BOONVILLE — Medieval and renaissance reenactments bring history and fantasy alive, and for the second year, a group of friends who love the medieval and renaissance festival life will be putting on the Langston’s Jewel Medieval Faire in Boonville.
The faire was idea of Denise Thompson’s. She became involved in reenacting on the weekends after her husband passed as a way of escaping the stress of being a working single mother of very young children. That was 24 years ago, and the now grandmother continues to love being able to become part of a time long ago whenever the chance arises.
“It doesn’t have to be something large or ongoing, but just a weekend for something to do, and we thought it would be nice to help somebody else out while we’re doing it,” she said of the thought behind holding the faire. Once expenses are paid out, any profit made by the group will be donated to Barium Springs Children’s Home in Troutman.
While the event being held at the Castle in Boonville, Walter Triplett’s home at 2239 Center Road, isn’t until June 25 and 26 this year, work already is being done to secure those who will be performing and reenacting through the holding of auditions this month. Last year, auditions were only held in Statesville, but in hopes of involving more people from the local area in the faire, this year auditions also will be held at the Comfort Inn in Jonesville.
Last year participants included a belly dancing troupe, a blacksmith, the king of France and Queen Isabelle from Spain, Thompson said. “It was a lot of people just having fun.”
She said it is rumored a mermaid will be in attendance this year as well as royalty from the four corners of the world, royal hobbyhorse racers and a maypole. There will be pottery and blacksmith demonstrations.
Many of those involved are members of one or two major reenactment groups, Adria and SCA, Society for Creative Acronym), explained Thompson. “Some of us we’ve known each other for years, some met at the renaissance festival. Once you get bitten by the bug, you’re never the same.”
The story of the faire which the organizers created circles around the life of Dr. D.C. Langston, a proud gentleman from Victorian times who was a member of his Majesty’s Royal Navy. On a trip to Greece he finds a small statue on the ground and puts it back in place, and Thompson said, that one motion set the whole faire into motion. He falls asleep and finds out he is no longer in Victorian England, but in a place where people from walks of history get along just fine.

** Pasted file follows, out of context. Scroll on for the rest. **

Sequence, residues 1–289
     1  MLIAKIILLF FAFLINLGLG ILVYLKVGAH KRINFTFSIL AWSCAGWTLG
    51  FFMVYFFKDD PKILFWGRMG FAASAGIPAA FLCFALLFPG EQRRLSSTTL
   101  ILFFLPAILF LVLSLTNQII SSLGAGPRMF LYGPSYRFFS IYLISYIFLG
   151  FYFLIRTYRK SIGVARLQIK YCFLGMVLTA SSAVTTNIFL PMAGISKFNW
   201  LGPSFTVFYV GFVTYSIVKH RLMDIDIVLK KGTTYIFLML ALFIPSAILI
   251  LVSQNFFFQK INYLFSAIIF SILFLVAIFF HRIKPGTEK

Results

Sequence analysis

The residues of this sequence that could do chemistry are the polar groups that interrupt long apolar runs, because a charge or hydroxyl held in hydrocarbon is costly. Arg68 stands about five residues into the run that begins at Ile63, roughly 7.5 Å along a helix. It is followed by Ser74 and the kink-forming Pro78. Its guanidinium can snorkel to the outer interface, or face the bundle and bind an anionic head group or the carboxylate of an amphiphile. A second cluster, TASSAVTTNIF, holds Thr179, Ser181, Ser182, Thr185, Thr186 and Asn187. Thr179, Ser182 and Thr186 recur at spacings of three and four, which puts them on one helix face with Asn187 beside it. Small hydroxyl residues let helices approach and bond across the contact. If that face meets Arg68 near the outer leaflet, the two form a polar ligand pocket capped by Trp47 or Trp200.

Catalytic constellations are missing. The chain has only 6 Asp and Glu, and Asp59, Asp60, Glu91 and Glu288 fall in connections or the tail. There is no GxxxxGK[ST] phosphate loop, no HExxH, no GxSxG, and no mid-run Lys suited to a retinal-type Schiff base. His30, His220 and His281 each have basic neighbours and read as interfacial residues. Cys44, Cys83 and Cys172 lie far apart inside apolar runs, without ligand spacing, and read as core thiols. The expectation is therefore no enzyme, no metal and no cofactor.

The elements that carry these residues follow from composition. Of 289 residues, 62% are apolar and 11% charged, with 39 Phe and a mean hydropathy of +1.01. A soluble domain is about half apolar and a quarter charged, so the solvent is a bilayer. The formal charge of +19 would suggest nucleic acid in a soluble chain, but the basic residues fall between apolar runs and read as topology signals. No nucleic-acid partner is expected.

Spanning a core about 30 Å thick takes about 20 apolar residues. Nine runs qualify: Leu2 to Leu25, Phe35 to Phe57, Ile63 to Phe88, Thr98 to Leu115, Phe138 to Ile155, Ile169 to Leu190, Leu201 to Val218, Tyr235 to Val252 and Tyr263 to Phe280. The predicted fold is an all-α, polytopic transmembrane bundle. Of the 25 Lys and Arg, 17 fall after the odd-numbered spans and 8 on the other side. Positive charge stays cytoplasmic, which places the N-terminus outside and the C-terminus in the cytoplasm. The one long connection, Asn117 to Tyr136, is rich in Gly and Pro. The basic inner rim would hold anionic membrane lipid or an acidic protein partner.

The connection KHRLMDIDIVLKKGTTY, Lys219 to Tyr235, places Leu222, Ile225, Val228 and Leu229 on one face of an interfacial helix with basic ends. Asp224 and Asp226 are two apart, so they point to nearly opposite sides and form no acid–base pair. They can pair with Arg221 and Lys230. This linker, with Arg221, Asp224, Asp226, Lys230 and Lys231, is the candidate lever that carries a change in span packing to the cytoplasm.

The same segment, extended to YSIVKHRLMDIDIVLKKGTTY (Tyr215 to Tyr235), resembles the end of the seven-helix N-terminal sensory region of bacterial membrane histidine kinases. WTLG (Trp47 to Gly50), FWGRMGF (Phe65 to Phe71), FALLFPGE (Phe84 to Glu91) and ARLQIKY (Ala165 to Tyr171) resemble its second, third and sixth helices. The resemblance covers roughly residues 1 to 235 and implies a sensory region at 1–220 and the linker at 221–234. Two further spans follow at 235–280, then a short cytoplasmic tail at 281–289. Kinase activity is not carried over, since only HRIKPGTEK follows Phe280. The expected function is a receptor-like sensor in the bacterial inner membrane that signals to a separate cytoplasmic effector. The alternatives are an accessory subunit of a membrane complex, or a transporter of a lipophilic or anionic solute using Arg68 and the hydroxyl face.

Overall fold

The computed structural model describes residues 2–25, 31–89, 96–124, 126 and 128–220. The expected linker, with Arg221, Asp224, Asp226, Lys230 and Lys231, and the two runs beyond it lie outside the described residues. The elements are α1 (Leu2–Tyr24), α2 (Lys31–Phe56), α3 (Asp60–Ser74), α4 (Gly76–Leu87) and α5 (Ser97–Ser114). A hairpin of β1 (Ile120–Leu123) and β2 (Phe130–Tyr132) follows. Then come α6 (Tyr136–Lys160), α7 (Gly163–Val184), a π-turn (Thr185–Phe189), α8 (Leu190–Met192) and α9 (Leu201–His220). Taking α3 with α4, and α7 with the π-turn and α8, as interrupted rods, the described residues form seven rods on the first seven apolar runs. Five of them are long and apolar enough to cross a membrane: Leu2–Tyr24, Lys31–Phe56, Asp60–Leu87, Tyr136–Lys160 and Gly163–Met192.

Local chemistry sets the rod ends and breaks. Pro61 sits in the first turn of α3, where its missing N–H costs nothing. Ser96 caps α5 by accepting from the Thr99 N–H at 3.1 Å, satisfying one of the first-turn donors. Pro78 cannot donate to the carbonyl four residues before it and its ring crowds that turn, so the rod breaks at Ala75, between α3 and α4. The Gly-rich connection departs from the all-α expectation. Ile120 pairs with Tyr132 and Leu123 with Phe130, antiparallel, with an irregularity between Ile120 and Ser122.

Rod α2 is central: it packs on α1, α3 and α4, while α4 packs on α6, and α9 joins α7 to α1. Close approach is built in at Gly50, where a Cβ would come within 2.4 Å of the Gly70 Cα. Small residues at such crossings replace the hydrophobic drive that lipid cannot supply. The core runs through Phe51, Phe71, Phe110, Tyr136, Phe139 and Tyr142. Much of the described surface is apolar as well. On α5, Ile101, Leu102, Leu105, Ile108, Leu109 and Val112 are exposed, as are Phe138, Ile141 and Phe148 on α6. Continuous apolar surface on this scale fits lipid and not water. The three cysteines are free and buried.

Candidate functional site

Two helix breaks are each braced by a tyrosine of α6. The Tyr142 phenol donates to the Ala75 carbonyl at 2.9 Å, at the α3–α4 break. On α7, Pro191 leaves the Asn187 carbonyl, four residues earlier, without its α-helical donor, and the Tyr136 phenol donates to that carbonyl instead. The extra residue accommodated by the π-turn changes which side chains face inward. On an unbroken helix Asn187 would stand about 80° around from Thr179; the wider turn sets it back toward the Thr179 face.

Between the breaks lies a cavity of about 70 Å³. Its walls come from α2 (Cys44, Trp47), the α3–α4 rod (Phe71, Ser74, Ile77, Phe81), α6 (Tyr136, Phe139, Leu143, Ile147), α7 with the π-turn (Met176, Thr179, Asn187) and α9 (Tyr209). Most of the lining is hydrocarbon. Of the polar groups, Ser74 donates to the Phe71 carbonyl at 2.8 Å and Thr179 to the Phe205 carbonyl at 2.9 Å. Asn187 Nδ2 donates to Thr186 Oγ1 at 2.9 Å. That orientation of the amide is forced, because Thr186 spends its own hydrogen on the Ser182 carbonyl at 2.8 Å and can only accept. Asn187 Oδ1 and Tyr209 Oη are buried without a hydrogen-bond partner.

Langton’s Jewel Medieval Faire is a village which is ruled jointly by four royal couples from the corners of the world, she explained. Once a day the couples come together and take care of all the problems of their village. “Not only are there humans, there are mythological creatures too. We went into history – all things we call mythological history come from folklore from different cultures and countries are based on something true – and put it into a big pot,” said Thompson.
“Dr. Langston called his village a Jewel. You will meet Dr. Langston there and be able to figure out whether or not this is fantasy or is he really in this place,” she said of those who attend the faire. “We want to have fun with it, and for locals to come out and be part of it.”
The faire is set in the Middle Ages year range of 500 to 1500. “We picked that period because it’s summer time and the clothing of that time is much simpler,” Thompson said. “And we don’t want to compete with anybody so that’s why it’s medieval instead of renaissance and a faire and not a festival.”
Auditions for those who are interested in playing parts and participating as characters in the faire will be held Feb. 17 from 6 to 9 p.m. and Feb. 20 from 9 a.m. to noon at Comfort Inn in Jonesville. Thompson said another audition will be held later in the month in Statesville, but dates had not yet been set for those.
Nothing prepared is needed for auditions. She encouraged those auditioning to be able to have fun, and one thing they will be asked to do is improve like take a cup and explain what it is without it being a cup.
The group also is seeking sponsors and vendors for the faire, which will be held from 10 a.m. to 6 p.m. June 25 and 26.
Admission to the faire is $20 for adults, $15 for those 55 and older and for military with IDs, $10 for ages 6 to 12 and free for 5 and younger.
She said each of the participants have a different reason behind why they reenact. “We have people who do it because there was nothing else to do at the time and it looked like fun, some people watched for years the people dressed strangely practicing; for me I had a friend who said I have something that will take your mind off [her husband’s death] and that was 24 years ago. I love it. It gave me just enough time to go away and not be Denise for a while and I could come back and deal with being a single mom and other stuff. It gave me a way to survive.”
For her to do medieval and renaissance reenacting, she said, was scary, because “all I’ve seen from that times is pale white, and I’m black. But the people who do this don’t care what color you are, they just know you have the same interest as them.
“Right now, it is one weekend,” she said of Langton’s Jewel Medieval Faire.
“You forget about what is on the outside of the fence and what’s bothering you, and be that kind again that was a knight in shining armor or a princess, or a princess that knows how to fight is even better,” said Thompson, who said she sword fights.
“It is just a place to come and have fun. We want everyone to come out and have fun. It is a family-oriented thing.”
For more information, visit Langston’s Jewel Medieval Faire on Facebook or call Thompson at 704-964-4275.
Wendy Byerly Wood may be reached at 336-258-4035 or on Twitter @wendywoodeditor.